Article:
When we use a child’s name, however, it cues him in to the fact he is being spoken about. This doesn’t just apply to older children, even young babies can recognise their names and know when the conversation is about them. It can be distracting for a baby and must feel disconcerting to know they are being spoken about and analysed. So it is vital to be mindful of this when these discussions need to happen.
Deborah uses clothing to identify a child when describing a situation “When green shirt fell…” etc. This doesn’t cue a baby in as easily but it certainly doesn’t safeguard against him knowing he is being spoken about. If he appears interested in the conversation, it is respectful to acknowledge that by saying to him, “We are talking about when you fell down before. You got upset”.
Deborah explained that when some parents talk about children, they often have a tendency to do so in a negative tone like “Oh, I’m sorry for being late. X was so difficult this morning, you wouldn’t believe…” Children hear these words, they can also read the tone and it impacts their trust and their relationship they have with their parent.
In class, we noticed several of the children would do things in play and constantly refer to their parents for approval, kind of like “Look at me, see what I did?” It is important, as parents to appreciate children in play but not to pass judgement about their play or go over the top with enthusiasm towards what they have done. It doesn’t mean we stonewall our children. Being authentic and sharing in their excitement is great but less is more.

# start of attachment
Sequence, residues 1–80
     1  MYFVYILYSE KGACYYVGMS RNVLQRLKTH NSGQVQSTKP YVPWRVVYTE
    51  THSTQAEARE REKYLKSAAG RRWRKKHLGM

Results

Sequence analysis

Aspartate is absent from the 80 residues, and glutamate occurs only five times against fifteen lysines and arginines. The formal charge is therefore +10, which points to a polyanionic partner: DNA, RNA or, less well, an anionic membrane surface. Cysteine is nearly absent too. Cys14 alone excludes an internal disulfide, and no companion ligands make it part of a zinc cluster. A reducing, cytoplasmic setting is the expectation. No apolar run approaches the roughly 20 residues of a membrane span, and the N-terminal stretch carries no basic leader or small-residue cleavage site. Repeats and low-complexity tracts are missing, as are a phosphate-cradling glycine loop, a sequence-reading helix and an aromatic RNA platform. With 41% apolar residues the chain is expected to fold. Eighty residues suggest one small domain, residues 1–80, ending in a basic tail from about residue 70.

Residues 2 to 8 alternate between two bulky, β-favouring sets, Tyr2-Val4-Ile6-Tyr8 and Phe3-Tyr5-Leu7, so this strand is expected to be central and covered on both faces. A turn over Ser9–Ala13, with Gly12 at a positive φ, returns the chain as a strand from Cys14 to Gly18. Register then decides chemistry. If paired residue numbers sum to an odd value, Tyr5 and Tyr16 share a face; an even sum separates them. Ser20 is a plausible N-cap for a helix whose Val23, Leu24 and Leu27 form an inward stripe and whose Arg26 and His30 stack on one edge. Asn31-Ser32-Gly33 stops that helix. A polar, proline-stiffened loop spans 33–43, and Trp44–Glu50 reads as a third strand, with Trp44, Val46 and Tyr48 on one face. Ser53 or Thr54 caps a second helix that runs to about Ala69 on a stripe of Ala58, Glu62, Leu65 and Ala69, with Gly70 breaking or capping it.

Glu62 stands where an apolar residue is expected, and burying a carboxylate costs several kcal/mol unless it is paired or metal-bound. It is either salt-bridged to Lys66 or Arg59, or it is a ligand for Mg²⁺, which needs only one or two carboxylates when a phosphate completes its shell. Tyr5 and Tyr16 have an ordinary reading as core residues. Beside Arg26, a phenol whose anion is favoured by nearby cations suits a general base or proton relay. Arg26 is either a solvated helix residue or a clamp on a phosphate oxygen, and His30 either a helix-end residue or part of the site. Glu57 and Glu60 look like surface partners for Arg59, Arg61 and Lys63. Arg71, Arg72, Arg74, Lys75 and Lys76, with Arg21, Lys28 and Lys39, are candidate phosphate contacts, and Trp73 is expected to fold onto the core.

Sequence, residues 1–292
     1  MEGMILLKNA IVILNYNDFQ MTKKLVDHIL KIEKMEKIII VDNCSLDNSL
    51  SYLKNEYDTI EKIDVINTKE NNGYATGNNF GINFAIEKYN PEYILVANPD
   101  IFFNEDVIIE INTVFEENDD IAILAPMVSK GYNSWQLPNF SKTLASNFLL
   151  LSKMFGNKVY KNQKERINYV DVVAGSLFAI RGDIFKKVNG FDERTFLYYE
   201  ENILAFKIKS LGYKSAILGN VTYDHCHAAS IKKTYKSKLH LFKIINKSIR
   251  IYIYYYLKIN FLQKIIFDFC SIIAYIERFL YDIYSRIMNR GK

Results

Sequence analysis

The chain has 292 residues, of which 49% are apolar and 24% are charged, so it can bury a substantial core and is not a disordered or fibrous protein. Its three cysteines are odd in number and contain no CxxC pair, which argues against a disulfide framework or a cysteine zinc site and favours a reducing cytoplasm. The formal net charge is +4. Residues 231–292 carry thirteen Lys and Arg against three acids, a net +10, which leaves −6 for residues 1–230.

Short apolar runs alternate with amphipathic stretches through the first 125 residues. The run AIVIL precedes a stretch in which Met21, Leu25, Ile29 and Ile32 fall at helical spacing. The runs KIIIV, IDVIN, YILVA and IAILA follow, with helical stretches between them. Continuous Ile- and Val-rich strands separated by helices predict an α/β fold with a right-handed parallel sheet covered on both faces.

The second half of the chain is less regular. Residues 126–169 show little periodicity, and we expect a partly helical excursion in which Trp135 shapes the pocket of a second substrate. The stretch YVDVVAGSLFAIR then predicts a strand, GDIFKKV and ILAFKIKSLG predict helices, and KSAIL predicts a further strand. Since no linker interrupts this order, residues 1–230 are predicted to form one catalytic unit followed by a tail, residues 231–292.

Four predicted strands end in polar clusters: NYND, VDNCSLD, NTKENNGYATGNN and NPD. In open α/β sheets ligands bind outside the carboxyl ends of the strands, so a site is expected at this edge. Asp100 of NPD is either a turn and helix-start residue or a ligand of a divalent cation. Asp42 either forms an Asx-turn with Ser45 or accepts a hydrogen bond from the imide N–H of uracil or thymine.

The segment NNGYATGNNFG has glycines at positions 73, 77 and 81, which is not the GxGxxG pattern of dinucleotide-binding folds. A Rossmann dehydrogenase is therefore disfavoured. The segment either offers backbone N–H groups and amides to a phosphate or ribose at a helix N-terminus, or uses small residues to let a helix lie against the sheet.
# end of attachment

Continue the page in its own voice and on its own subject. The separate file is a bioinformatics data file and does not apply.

A child at play is an explorer and a scientist, not a performer. If they look to us to see what we think about them stacking the blocks we can say “Oh, yeah, (with genuine appreciation) you stacked your blocks. You seem pretty pleased about that.” or “Yeah, wow, you put that together.” If we pass judgement, they will always feel the need to refer to us to see if we seem pleased.
We are delving into this more tomorrow but there was one thing we touched on which I wanted to share. When setting limits, body language is just as key as words. It is best to keep words to a minimum and not to keep repeating the limit or what you will or won’t let them do. For example, in one class, a young child was curious about a socket on the wall. Deborah stated “I don’t want you to touch that.” The child persisted. Deborah sat against the wall, beside the socket with her hand over it. She did not engage with the child more than saying those initial words. The girl tried to get to the socket for about 10 more seconds but gave up and crawled over to a nearby toy to explore it.
This was also a great lesson in the less is more approach and I finally saw what it meant not to give something power or to engage in a power struggle.
Reflect, Respect, Respond
I’ll finish with these three words spoken by Magda Gerber.
In all situations, when looking to intervene with a child reflect on the circumstances – What can you see? What do you know? Respect that a baby is competent and consider what they CAN do rather than what they can’t. And Respond accordingly. And a response may mean that you do not do anything. Not everything needs an intervention.
I felt like this would be a good mantra to have when wanting to slow down and learn more about a baby’s competence and tolerance. Often parents assume something bad will happen and jump in before providing the opportunity to have it play out. If we can reflect and respect before we respond, we may just be surprised at what we observe.